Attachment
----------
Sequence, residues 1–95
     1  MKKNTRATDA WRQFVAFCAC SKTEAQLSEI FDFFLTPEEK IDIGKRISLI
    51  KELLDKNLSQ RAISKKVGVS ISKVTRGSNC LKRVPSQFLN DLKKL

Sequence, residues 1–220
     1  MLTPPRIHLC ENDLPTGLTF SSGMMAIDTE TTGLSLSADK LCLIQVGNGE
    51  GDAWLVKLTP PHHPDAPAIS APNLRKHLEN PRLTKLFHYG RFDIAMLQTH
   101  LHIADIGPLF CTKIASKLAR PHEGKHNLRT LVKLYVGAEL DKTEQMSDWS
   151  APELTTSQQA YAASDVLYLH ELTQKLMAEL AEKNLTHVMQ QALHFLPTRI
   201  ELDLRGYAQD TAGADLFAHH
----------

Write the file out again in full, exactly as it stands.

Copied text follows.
Sequence, residues 1–95
     1  MKKNTRATDA WRQFVAFCAC SKTEAQLSEI FDFFLTPEEK IDIGKRISLI
    51  KELLDKNLSQ RAISKKVGVS ISKVTRGSNC LKRVPSQFLN DLKKL

Sequence, residues 1–220
     1  MLTPPRIHLC ENDLPTGLTF SSGMMAIDTE TTGLSLSADK LCLIQVGNGE
    51  GDAWLVKLTP PHHPDAPAIS APNLRKHLEN PRLTKLFHYG RFDIAMLQTH
   101  LHIADIGPLF CTKIASKLAR PHEGKHNLRT LVKLYVGAEL DKTEQMSDWS
   151  APELTTSQQA YAASDVLYLH ELTQKLMAEL AEKNLTHVMQ QALHFLPTRI
   201  ELDLRGYAQD TAGADLFAHH